This Student's Simple And Sweet Gift To Her Teacher Is Too Precious
Rachel Uretsky-Pratt/Facebook

Elementary school teacher Rachel Uretsky-Pratt shared a photo of a gift she received from one of her students—Lucky Charms marshmallows—and instantly captured the hearts of not just her community, but the internet at large.

"Today was the last day before our winter break," she wrote. "We will have two weeks off to rest with our families and loved ones over the holidays then head back to school in 2019."

Uretsky-Pratt noted that the holiday season prompts many teachers to "bring their kiddos something such as books or little treats and occasionally in return receive something from their students."

Uretsky-Pratt herself received chocolates, notes, and jewelry from her students, but the bag of Lucky Charms marshmallows, she says, "stood out to me the most."

She added:

"You see, 100% of my school is on free/reduced lunch. They also get free breakfast at school every day of the school week. This kiddo wanted to get my something so badly, but had nothing to give.So rather than give me nothing, this student opened up her free breakfast cereal this morning, took the packaging of her spork, straw, and napkin, and finally took the time to take every marshmallow out of her cereal to put in a bag—for me. Be grateful for what you have, and what others give you. It all truly comes from the deepest parts of their hearts."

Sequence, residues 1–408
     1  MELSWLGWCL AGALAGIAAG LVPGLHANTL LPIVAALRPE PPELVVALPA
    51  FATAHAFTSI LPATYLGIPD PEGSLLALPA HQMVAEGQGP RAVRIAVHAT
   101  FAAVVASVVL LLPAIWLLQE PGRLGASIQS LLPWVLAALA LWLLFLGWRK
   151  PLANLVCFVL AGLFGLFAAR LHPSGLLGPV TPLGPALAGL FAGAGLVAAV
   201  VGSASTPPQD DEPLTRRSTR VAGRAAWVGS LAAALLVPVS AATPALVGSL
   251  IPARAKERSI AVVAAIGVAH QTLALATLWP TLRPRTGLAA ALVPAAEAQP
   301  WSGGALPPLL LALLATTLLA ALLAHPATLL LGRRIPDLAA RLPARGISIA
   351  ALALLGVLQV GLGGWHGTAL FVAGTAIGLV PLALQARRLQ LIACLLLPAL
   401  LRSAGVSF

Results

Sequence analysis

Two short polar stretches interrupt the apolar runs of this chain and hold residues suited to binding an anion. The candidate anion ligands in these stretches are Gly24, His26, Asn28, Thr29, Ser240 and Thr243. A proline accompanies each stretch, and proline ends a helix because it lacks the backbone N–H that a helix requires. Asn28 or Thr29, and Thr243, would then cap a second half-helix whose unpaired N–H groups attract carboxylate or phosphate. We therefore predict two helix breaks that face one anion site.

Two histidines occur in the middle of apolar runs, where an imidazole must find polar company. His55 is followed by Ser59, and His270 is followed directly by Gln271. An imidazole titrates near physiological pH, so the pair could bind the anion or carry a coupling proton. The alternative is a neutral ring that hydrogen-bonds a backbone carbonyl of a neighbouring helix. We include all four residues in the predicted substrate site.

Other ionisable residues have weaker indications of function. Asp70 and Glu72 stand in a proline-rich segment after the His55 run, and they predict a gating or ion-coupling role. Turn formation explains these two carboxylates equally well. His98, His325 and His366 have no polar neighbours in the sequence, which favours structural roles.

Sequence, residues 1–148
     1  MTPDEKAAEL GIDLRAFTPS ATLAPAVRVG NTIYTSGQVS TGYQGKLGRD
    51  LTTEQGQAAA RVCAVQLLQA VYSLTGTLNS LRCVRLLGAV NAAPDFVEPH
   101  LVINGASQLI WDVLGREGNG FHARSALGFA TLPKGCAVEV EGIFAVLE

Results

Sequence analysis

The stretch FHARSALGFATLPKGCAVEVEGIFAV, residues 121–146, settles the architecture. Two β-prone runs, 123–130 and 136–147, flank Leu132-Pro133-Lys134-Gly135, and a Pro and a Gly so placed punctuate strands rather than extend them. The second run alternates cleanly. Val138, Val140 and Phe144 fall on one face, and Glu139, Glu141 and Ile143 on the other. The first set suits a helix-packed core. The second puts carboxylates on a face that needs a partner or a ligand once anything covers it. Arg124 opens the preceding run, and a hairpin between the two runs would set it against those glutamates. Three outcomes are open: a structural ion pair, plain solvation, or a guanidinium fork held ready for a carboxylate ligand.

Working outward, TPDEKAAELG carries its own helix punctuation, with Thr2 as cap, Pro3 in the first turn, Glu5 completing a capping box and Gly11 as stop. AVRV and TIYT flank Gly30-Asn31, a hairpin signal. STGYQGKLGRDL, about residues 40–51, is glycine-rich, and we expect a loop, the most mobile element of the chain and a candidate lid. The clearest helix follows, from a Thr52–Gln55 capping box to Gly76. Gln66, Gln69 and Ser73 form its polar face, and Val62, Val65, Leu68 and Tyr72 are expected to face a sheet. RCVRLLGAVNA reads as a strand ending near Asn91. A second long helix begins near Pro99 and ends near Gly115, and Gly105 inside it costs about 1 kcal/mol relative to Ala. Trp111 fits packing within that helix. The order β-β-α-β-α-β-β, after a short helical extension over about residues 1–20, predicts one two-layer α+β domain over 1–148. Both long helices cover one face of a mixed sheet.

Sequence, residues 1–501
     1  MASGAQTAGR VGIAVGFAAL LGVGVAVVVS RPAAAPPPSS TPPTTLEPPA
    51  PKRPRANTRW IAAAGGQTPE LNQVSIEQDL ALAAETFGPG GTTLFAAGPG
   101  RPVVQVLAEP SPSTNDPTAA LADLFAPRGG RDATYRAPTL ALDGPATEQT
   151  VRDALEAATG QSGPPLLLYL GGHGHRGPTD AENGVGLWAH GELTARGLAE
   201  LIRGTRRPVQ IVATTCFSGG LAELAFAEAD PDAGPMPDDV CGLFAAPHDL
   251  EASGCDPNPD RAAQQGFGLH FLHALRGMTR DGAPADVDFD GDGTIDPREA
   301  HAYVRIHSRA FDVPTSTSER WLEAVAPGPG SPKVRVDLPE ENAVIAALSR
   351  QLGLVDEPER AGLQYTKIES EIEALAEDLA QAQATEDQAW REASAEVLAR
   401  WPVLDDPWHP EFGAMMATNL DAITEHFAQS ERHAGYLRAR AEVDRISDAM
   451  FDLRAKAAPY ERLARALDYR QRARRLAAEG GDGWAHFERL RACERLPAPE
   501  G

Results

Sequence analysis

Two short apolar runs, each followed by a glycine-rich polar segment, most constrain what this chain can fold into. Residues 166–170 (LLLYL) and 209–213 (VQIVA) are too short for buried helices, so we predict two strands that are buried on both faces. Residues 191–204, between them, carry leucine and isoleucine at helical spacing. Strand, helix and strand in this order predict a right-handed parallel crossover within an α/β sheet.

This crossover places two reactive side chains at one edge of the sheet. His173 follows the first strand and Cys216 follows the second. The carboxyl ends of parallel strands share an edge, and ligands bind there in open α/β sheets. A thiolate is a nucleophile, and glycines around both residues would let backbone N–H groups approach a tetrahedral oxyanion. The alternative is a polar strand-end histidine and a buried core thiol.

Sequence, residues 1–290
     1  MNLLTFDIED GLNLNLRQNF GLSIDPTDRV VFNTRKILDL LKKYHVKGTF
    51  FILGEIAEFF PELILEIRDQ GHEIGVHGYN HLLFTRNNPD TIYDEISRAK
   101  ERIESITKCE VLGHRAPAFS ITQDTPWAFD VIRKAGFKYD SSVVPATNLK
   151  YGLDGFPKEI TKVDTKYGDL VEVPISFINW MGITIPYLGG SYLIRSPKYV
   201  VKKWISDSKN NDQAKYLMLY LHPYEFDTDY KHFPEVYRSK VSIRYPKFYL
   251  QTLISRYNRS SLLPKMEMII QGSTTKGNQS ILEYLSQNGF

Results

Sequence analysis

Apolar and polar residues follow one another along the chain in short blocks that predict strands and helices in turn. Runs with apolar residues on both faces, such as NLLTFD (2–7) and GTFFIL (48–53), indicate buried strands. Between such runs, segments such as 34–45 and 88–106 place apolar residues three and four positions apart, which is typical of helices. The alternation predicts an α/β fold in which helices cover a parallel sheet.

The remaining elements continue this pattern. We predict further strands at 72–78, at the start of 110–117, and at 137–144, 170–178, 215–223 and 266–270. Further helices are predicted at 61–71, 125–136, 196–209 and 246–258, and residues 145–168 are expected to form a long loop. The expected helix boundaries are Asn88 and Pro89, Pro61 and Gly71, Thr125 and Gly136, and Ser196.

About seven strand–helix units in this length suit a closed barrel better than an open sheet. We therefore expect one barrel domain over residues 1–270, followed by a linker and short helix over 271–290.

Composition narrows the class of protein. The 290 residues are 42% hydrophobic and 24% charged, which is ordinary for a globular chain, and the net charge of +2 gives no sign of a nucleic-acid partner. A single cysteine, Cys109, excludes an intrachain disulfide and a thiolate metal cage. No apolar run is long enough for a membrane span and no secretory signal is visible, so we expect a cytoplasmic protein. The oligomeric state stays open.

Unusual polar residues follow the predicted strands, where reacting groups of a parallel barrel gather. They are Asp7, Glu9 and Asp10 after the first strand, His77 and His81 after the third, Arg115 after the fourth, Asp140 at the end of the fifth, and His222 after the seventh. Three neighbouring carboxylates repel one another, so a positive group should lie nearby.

Hearts grew several sizes that day, with many expressing sheer joy at the child's generosity.


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One teacher even shared a story of her own:

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More than 13 million children in the United States live in "food insecure" homes, according to hunger relief organization No Kid Hungry. The organization also reports that:

  • 1 in 6 children in the United States face hunger.
  • Over 40 million people lived in poverty in 2016. 13 million were children.
  • 59 percent of food-insecure households reported that they take advantage of federal nutrition programs like SNAP and WIC.
  • 20 million children in the United States rely on SNAP benefits.
  • The USDA reports that 45 million Americans rely on SNAP benefits to buy food each month; two-thirds of these benefits go to households with children.
  • WIC, on top of serving 53 percent of infants in the United States, was a boon for 7.7 million mothers and children who relied on WIC benefits to buy food in 2016.
  • 56 percent of children in each state ate breakfast at school in 2016.
  • 5 out of 6 kids who rely on free or reduced-price school meals aren't getting free meals in the summer.

A little perspective, indeed.

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